In Buddhism there is a mindfulness exercise where you contemplate a flower. I examining the parts of the flower you hold in your mind the essence of what makes up the flower. It is sort of a “the whole is more than the sum of its parts” kind of meditation. This is a beautifully simple meditation, but I have often wondered… What does the flower think when it is looking at you?

The consciousness present in the flower must be regarding you in some capacity. What wisdom would there be?

Showing up

Just Show Up. Many disciplines chant this phrase. I have heard it in yoga, meditation, writing, art, even in marathon training. Persistence, it seems, is the magic ingredient in transformation. Whether the work is transforming your body, your mind, your soul, or your work, the advice is often the same.

Showing up is powerful. There is humility in showing up. Showing up tames the wildness of the ego that says to stay in bed, forget, wimp out. The part that is afraid to change wants us to stay hidden, small. Ultimately, the challenge pulls us out of our hiding spaces. We show up because we crave transformation.

A Buddhist concept that has helped me is “make one decision”. Rather than making a decision everyday whether to write or run or create or sit, make one decision. Make the decision once and move forward. Then it is never a question if you will, the answer is always yes, you already chose, you can skip straight to the activity. This “one decision” process is further reinforced by asking the question “Do you want to achieve your goal?”. If yes, then you show up. If no, then you let your self off the hook, don’t look back, and find a new hobby/work. No need to punish, just make a new choice and be happy.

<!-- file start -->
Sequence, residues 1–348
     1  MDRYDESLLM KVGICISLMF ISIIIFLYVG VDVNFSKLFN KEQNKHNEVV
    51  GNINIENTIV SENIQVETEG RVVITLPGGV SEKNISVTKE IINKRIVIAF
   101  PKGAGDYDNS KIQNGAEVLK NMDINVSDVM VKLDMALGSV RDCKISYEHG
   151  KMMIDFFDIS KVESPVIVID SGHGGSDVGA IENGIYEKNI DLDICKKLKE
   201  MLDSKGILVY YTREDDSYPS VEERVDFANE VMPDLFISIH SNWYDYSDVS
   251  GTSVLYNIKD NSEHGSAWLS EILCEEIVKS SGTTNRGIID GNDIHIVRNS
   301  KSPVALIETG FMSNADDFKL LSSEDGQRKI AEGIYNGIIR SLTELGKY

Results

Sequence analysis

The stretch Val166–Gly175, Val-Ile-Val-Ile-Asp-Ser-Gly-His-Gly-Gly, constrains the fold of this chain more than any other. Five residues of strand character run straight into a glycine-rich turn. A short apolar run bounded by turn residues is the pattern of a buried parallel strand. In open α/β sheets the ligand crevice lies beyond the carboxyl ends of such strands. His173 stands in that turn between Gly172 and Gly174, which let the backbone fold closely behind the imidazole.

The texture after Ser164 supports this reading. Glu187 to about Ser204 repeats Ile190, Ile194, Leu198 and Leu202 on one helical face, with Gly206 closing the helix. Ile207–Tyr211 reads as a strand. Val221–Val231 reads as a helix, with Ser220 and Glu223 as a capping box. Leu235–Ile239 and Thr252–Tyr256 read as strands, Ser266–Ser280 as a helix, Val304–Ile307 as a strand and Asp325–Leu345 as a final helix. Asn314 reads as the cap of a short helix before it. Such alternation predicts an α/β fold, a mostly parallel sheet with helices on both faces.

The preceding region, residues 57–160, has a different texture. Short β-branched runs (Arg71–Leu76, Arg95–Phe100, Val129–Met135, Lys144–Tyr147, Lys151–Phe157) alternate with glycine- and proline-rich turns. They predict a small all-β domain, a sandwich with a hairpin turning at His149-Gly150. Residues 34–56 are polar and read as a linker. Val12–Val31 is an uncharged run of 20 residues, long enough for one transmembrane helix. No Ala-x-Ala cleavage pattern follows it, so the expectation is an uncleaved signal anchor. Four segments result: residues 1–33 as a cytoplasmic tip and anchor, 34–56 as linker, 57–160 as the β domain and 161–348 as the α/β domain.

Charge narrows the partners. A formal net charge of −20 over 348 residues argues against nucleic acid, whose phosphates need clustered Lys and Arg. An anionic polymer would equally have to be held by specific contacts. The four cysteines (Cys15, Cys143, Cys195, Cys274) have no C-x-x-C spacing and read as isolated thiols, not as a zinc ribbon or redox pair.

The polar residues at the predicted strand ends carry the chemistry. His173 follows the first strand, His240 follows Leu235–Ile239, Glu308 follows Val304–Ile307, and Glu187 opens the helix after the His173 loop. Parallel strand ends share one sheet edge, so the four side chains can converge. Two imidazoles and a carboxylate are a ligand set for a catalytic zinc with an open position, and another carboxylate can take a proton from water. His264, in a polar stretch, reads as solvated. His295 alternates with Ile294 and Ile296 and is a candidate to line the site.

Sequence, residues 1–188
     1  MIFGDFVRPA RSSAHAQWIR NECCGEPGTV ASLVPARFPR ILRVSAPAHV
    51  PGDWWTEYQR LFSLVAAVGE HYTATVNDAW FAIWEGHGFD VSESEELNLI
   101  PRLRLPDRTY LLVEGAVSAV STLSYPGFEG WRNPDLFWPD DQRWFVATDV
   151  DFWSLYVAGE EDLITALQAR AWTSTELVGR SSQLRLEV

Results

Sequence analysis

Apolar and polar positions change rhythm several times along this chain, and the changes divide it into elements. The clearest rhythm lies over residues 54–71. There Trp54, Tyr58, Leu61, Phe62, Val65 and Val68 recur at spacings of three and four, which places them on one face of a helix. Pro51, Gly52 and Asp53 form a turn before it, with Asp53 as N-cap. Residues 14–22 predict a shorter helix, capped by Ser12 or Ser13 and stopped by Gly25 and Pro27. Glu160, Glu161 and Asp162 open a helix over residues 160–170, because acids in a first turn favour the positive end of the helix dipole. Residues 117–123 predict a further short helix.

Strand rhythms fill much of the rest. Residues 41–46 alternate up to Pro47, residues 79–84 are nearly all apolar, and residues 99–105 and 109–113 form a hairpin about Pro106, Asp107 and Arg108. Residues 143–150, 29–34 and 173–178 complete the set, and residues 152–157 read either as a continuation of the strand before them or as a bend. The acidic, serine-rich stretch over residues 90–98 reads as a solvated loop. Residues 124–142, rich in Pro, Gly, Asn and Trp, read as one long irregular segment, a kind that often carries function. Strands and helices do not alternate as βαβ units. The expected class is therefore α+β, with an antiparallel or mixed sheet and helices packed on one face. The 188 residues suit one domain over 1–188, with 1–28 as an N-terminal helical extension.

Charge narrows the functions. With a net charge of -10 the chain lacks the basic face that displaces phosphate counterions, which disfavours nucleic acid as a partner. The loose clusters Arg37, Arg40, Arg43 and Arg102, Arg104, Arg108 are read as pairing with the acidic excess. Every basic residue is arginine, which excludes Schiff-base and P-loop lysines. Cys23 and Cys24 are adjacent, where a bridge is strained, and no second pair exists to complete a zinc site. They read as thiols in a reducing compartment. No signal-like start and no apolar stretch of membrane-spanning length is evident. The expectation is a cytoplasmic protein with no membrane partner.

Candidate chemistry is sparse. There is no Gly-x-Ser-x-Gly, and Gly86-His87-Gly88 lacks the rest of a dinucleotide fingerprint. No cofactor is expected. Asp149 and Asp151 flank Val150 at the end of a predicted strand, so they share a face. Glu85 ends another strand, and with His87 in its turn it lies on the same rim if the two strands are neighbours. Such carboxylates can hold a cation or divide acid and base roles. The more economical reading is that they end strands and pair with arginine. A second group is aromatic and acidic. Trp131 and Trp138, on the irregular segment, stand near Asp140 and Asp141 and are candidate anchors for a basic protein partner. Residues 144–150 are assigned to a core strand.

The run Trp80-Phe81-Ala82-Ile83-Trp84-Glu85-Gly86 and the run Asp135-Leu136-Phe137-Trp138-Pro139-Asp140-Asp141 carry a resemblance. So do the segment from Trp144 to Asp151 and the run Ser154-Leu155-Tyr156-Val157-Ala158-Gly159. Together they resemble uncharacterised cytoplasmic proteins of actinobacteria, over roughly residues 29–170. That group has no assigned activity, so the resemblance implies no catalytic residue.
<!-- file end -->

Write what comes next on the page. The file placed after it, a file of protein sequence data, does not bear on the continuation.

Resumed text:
Showing up takes the pressure off. You don’t have to be brilliant, you don’t have to be perfect, you just have to be there. I often set myself up to win. I make the showing up easy. I define showing up as doing the activity for 5 minutes. Five minutes is short enough that it seems doable, easy, not a huge investment. Five minutes is long enough that it breaks through the resistance and inertia. After 5 minutes if I really don’t want to be there, then I go on to something else with a feeling of satisfaction that I kept my promise to myself and a knowing that I will return the next day. Most of the time, 5 minutes quickly turns into 50 minutes, or sometimes 5 hours. The flexibility, that after my 5 minutes I can do something else, quiets my rebellious nature and allows my life and reactive work to flow organically through me.

Just show up.

This moment

Stillness n' Peace (View in full size)

Stillness n' Peace (Photo credit: . Dileepan .)

This moment.
Breathing in, breathe out.

When you recognize
Time is happening right, now
You love each moment.

With a breath
In and a long sigh
Out, you love.

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